Once the area was established as a viable location for milling, the settlers built other mills. These included hoop, corn, grist, and saw mills. The main families involved in the milling industry were the Barretts, the Robbins, and the Adams (not to be confused with earlier settler James Adams who built a mill near Spencer Brook off Concord Street in the mid-seventeenth century and then sold it to the Heald family). The last mills in Carlisle closed in the late nineteenth century.
Educating the young folk
With Carlisle established as a town, the inhabitants began to think like a community. The mill families recognized the importance of educating their children. They built the North School House in 1828. Although the town had constructed a rudimentary school house in the center in 1818, it rebuilt a more imposing brick edifice in 1848. The older North School House became commonly known as the oldest school in town. In fact, it is the only nineteenth century school still standing in town.
By 1888, Carlisle had closed the North School House. Modern machinery had made the mills obsolete, and many were abandoned. The North School House had just 11 students. After the closing, ten students went on to attend Billerica schools, and only one went to the Carlisle Red Brick Center School House.
Today the North School House serves as a visitor information room of the Great Brook Farm State Park. As with similar older sites in town, the owners of the building have expanded and remodeled the edifice many times. Nonetheless, one can still identify the original single-room brick school.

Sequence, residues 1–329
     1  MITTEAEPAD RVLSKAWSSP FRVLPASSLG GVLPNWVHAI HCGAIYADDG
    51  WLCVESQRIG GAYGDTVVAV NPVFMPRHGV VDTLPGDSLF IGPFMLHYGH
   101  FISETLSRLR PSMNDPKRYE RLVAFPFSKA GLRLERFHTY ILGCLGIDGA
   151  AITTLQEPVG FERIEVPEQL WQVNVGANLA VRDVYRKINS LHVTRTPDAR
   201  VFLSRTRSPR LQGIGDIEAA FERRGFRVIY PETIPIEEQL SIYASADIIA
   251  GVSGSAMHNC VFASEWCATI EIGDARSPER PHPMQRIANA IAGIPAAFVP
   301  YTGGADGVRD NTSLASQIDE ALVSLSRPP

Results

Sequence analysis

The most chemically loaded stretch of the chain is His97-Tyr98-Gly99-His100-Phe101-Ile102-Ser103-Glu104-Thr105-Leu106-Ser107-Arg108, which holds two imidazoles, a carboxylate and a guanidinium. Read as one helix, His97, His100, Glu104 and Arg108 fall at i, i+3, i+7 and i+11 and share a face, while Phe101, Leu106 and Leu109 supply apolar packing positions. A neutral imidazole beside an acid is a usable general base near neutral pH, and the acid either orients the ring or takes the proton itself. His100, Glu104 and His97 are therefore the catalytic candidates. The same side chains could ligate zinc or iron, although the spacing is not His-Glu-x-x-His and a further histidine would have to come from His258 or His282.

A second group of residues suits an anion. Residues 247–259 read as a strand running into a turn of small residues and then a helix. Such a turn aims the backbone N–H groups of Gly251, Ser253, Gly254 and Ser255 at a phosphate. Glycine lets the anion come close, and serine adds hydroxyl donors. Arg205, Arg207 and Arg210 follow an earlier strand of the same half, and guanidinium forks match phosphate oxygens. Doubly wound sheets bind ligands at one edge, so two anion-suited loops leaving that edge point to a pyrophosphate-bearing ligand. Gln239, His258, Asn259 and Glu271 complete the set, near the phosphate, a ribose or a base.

Spirit of nature lives on
Where are Carlisle's first inhabitants?
"We probably have more American Indian ancestry than we are aware of," said Markey. "At one point they did start intermarrying." She related that American Indians are matriarchal with family lines passed by the mother. Her own two great uncles, settling in Iowa, had a choice of marrying squaws when they took possession of land. One did, and thrived. The other refused and was killed.
"Although we don't view them in clusters on tribal compounds any more, there are a lot of native people that are still here and that still associate with each other," she continued. "Although a lot of the culture was lost, some of it is still intact. They still go through different ceremonies and rituals. In this particular area, there were whole tribes that were decimated and that were completely lost so there are probably not a lot of pure bloods."
"We have so much to learn from the native people," concluded Markey. "They are so in touch with nature, with the seasons, and with astronomy."
Carlisle inhabitants do love and respect nature. Ten percent of the town's area is protected as land. No other town in Massachusetts can make that claim.
The native spirit lives on.
© 2000 The Carlisle Mosquito